With regard to specifics on tax reform, The Path to Prosperity assumes that the top tax rate for individuals and corporations does not exceed 25 percent. This will provide job creators with a top tax rate that is competitive with our global competitors and with the certainty needed to create jobs. 

Q: Does this budget include special tax breaks for oil companies?

A: No. This is absolutely false. In fact, this budget does the opposite. This budget calls for fundamental corporate tax reform that scales back the deductions, loopholes and carve-outs that are distorting the corporate code. It seeks to treat large and small businesses alike by cutting the corporate rate to 25 percent, so that it is no longer the highest corporate tax rate in the world. This budget does call for an increase in safe, environmentally responsible domestic energy exploration – but that would actually increase tax revenues paid by oil companies, while at the same time lowering gas prices and creating jobs in America.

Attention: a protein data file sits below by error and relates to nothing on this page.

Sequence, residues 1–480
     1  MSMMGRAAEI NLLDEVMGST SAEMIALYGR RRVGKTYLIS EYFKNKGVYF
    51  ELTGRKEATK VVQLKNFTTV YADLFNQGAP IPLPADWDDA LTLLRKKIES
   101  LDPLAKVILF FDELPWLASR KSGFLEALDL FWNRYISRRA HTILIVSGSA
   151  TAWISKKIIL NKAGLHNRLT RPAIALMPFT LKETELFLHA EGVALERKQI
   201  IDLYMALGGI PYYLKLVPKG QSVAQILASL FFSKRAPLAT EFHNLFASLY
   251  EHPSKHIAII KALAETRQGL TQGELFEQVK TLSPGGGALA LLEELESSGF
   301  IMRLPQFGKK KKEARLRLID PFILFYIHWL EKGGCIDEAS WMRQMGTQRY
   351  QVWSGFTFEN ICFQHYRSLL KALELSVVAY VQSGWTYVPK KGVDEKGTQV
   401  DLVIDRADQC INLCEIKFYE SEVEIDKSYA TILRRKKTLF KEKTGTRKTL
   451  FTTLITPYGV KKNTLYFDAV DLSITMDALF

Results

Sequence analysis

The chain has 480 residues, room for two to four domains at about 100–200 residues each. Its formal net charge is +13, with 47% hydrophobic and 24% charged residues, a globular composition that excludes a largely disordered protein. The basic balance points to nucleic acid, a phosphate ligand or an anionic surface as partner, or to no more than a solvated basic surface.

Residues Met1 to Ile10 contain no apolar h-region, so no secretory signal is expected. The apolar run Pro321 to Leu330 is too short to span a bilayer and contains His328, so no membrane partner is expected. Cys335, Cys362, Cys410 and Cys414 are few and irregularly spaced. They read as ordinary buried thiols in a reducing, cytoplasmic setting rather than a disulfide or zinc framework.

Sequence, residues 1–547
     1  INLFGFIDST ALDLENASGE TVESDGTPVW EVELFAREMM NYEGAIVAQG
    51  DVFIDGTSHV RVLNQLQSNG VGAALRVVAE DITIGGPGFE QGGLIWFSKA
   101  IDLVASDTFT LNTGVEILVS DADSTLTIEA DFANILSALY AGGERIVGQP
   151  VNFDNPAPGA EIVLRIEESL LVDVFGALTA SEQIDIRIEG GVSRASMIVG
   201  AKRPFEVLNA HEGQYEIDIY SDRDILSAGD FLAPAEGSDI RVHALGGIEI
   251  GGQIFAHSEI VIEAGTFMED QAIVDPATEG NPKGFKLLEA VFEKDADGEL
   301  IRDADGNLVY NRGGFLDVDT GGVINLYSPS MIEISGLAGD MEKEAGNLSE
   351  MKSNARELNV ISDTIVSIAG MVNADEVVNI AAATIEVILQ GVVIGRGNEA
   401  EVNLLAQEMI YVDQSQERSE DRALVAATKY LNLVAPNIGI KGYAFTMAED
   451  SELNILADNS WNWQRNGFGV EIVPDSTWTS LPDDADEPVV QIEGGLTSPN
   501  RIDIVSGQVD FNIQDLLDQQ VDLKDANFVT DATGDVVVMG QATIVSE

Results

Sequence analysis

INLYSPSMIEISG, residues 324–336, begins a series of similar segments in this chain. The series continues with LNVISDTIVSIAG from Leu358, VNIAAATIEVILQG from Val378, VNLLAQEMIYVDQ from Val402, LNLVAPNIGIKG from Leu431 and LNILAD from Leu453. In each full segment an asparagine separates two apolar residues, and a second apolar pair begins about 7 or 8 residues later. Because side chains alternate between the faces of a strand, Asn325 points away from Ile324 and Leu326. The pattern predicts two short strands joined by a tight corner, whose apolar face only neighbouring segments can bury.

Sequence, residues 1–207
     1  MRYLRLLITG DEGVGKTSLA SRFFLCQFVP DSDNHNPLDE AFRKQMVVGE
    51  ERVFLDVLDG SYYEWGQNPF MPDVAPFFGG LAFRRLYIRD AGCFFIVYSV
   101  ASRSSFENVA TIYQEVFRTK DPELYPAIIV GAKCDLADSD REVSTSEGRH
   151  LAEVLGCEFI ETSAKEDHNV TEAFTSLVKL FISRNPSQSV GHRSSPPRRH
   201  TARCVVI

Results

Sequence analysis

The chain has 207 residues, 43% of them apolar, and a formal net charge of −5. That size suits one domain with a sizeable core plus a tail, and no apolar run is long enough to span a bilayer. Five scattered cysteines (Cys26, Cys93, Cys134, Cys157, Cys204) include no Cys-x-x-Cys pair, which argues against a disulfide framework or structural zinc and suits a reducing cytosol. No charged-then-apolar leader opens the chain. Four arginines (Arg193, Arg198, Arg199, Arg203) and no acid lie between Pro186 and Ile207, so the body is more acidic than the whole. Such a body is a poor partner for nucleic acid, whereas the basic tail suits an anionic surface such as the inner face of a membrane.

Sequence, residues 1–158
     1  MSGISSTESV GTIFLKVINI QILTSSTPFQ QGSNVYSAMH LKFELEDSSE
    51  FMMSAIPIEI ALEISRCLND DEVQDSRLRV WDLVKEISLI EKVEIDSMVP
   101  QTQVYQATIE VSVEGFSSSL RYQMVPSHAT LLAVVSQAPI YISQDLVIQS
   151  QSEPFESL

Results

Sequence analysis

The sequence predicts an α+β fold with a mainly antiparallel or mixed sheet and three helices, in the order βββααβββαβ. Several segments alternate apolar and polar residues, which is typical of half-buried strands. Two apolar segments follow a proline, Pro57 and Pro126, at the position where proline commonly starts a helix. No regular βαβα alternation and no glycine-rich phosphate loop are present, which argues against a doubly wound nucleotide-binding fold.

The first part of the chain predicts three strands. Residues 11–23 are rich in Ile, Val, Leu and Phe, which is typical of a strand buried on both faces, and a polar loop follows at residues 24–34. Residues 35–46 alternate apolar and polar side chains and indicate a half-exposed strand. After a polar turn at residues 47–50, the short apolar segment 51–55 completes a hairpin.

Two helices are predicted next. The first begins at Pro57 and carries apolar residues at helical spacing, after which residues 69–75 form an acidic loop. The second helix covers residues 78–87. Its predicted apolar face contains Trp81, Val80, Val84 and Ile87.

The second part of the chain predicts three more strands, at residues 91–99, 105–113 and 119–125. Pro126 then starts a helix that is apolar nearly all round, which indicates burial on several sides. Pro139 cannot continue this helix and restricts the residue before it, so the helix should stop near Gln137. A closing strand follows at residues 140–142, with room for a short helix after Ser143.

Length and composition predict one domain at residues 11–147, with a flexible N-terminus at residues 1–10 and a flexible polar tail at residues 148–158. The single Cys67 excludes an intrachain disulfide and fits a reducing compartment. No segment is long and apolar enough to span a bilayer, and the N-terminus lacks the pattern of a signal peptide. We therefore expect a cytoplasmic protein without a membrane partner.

Q: How did the Heritage Foundation produce its economic estimates about The Path to Prosperity?

A: The economic estimates provided by the Heritage Foundation confirmed what many economists agree regarding the guiding principles for pro-growth tax reform – lower rates to promote growth, with a broader base to achieve revenue neutrality and economic efficiency, yield more economic growth than an inefficient code with high rates does.

House Budget Committee Chairman Paul Ryan requested an economic analysis of The Path to Prosperity from the Heritage Foundation’s Center for Data Analysis because the Center is one of the few organizations in Washington capable of performing “dynamic analyses” of budget proposals. Dynamic analyses take into account the pro-growth effects of budget policies, instead of treating the economy as static.